The application of Big Data analytics to security has resulted in a transformation not only in detecting and responding to threats. It also transforms how we establish and evaluate trust, based on understanding risk rather than expecting absolute security. This transformation doesn’t just affect security professionals. Understanding trust is critical for many of the topics that are explored at EMCworld, including cloud, virtualization, storage and document management. Understanding trust can help in enabling new business opportunities, finding more effective operational processes and working more effectively with partners.
Business Continuity: How to Apply Enterprise Risk Management to Your BCM Planning Efforts…and Vice Versa!
by Patrick Potter, RSA Archer GRC Solutions Business Continuity Management (BCM) programs typically do a good job of evaluating business criticality through performing Business Impact Analyses (BIAs) to determine recovery priorities. However, how many BCM and IT Disaster Recovery (DR) programs adequately assess risks starting at the overall program level down to the process or [...]
The SBIC has produced a new report that is mobile centric called “Realizing the Mobile Enterprise.” The council builds on data. In this case, it builds on a fascinating series of online polls that show a rapid litmus-like test of the mobile landscape and, in particular, the degree to which “the enterprise” (an interesting notion [...]
Albert Einstein defined insanity as doing the same thing over and over again and expecting different results. Reflect on that for a moment. For the past 10 years, the Internet has become a ubiquitous form of communication. Growth of digital content and use of mobile devices have soared, organizations have opened their infrastructures to enhance [...]
I was in a meeting with a major telecommunications company recently in which they presented their security strategy for the mobile environment. The speaker outlined the threat landscape that they saw themselves confronted with. Then, for each threat, he showed the technology they were using to address that threat. For lost devices, for example, there [...]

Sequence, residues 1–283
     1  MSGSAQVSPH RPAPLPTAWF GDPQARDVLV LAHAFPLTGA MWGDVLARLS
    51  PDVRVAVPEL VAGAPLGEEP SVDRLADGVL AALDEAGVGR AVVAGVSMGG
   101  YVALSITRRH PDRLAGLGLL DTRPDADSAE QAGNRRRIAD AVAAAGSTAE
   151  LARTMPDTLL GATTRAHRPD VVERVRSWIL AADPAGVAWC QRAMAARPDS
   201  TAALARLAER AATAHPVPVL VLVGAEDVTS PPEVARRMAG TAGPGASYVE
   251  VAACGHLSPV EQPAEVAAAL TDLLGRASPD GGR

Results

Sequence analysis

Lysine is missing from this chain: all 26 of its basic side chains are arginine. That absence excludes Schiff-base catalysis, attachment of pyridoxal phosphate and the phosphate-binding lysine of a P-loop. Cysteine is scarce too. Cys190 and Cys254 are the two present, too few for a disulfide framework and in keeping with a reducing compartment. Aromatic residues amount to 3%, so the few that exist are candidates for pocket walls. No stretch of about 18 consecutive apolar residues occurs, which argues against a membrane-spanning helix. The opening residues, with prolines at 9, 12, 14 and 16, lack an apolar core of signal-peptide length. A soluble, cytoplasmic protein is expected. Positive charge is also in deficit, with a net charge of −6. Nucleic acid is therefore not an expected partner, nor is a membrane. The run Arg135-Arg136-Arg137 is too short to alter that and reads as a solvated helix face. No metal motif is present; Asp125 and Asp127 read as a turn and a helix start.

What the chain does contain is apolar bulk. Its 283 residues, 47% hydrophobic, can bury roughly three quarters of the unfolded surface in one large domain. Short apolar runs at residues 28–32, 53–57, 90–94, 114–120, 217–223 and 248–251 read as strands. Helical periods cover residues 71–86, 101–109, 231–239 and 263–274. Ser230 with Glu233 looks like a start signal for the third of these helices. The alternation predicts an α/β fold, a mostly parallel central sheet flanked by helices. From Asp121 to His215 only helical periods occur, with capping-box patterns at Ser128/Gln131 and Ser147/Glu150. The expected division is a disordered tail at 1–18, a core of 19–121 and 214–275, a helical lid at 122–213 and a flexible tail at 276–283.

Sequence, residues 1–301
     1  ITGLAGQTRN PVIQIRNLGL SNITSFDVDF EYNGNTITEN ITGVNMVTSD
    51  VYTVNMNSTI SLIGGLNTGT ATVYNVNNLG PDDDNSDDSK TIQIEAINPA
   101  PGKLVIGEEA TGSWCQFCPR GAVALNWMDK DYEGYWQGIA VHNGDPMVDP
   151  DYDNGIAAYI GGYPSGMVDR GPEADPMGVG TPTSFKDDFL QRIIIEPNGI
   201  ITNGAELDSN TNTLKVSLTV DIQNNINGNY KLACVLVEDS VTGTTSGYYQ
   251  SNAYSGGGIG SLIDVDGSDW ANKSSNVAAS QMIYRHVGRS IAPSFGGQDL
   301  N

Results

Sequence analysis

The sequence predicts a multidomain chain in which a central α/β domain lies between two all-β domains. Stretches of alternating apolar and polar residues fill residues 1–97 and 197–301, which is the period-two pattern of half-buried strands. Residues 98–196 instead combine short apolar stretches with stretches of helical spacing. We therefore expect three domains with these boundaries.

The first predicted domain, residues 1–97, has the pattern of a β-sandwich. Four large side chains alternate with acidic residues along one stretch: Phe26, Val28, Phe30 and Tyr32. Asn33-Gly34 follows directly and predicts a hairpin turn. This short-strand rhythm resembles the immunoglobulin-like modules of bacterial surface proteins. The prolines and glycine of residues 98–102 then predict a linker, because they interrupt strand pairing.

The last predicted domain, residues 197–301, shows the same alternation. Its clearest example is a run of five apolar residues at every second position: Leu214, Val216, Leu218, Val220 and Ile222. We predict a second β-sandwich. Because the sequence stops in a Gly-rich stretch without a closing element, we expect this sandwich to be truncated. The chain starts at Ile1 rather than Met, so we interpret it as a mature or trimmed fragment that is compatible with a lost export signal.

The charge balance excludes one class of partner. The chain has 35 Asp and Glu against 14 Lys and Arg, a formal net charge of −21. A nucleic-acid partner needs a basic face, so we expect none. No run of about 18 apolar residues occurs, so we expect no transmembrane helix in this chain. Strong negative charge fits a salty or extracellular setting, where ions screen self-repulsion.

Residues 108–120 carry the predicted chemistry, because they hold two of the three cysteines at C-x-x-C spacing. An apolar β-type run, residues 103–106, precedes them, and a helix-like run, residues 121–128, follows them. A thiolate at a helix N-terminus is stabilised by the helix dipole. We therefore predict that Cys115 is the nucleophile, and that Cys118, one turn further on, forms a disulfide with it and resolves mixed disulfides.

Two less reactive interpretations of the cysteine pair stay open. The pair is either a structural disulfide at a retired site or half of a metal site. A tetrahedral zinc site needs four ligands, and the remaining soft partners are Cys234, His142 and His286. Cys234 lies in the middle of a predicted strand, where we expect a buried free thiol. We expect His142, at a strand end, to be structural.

Some colleagues and I were discussing DDoS attacks earlier this week: who is waging DDoS attacks, what techniques they’re using and how to deal with attacks when they occur. While discussing the value of advance warning of such attacks, one person said offhandedly, “the problem with advance warning is that the threat may be just the threat of the attack, not the attack itself.” It was an interesting and valuable insight, one that deserves some exploration.
Last week, Atos, VMWare and EMC announced the creation of a new company, Canopy, dedicated to providing cloud services. One of the best things about this announcement, from my point of view, is knowing that for Canopy, security is no afterthought. This time, it’s part of the DNA. You may have heard of Atos as [...]
Whether its data that’s governed by regulations or vital to a company’s competitive advantage, every organization has information they’d like to protect from outsiders. One logical place to start when looking to protect this information is with a Data Loss Prevention (DLP) tool. But, what many companies struggle with is how to figure out what information is sensitive for different groups and how it should be handled. Everyone knows that there is highly sensitive data across the organization that needs to be protected, but how do business managers let the IT security team know what specific data needs to be protected?
I recently returned from Berlin after attending the EMEA RSA Channel Partner Council with the purpose of discussing RSA’s Security Management and GRC strategies within Europe. For many of the RSA channel partners, this was their first exposure to these concepts. Channel partners have a unique perspective because they are on the front lines selling products and providing implementation services Their success is directly influenced by RSA’s ability to provide the right training, messaging and tools to make them effective.
The “team sport” theory can be applied to a company’s control environments as well. The classical “defense in depth” approach quickly comes to mind. Controls always depend on a collection of activities. As Risk and Compliance professionals, we all know the “single point of failure” is a verboten persona non gratis.